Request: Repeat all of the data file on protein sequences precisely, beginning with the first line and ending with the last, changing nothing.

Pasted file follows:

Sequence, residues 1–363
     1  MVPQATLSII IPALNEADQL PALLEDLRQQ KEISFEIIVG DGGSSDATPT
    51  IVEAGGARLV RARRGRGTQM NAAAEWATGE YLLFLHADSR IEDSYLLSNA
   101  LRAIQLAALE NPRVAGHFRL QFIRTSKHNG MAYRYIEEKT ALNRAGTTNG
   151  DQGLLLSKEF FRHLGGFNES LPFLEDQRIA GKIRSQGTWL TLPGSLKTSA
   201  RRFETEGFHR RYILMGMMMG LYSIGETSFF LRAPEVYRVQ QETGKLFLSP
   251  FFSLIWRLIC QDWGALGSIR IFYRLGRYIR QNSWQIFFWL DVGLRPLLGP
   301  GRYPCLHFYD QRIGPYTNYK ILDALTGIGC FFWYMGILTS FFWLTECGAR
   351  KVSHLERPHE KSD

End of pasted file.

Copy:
Sequence, residues 1–363
     1  MVPQATLSII IPALNEADQL PALLEDLRQQ KEISFEIIVG DGGSSDATPT
    51  IVEAGGARLV RARRGRGTQM NAAAEWATGE YLLFLHADSR IEDSYLLSNA
   101  LRAIQLAALE NPRVAGHFRL QFIRTSKHNG MAYRYIEEKT ALNRAGTTNG
   151  DQGLLLSKEF FRHLGGFNES LPFLEDQRIA GKIRSQGTWL TLPGSLKTSA
   201  RRFETEGFHR RYILMGMMMG LYSIGETSFF LRAPEVYRVQ QETGKLFLSP
   251  FFSLIWRLIC QDWGALGSIR IFYRLGRYIR QNSWQIFFWL DVGLRPLLGP
   301  GRYPCLHFYD QRIGPYTNYK ILDALTGIGC FFWYMGILTS FFWLTECGAR
   351  KVSHLERPHE KSD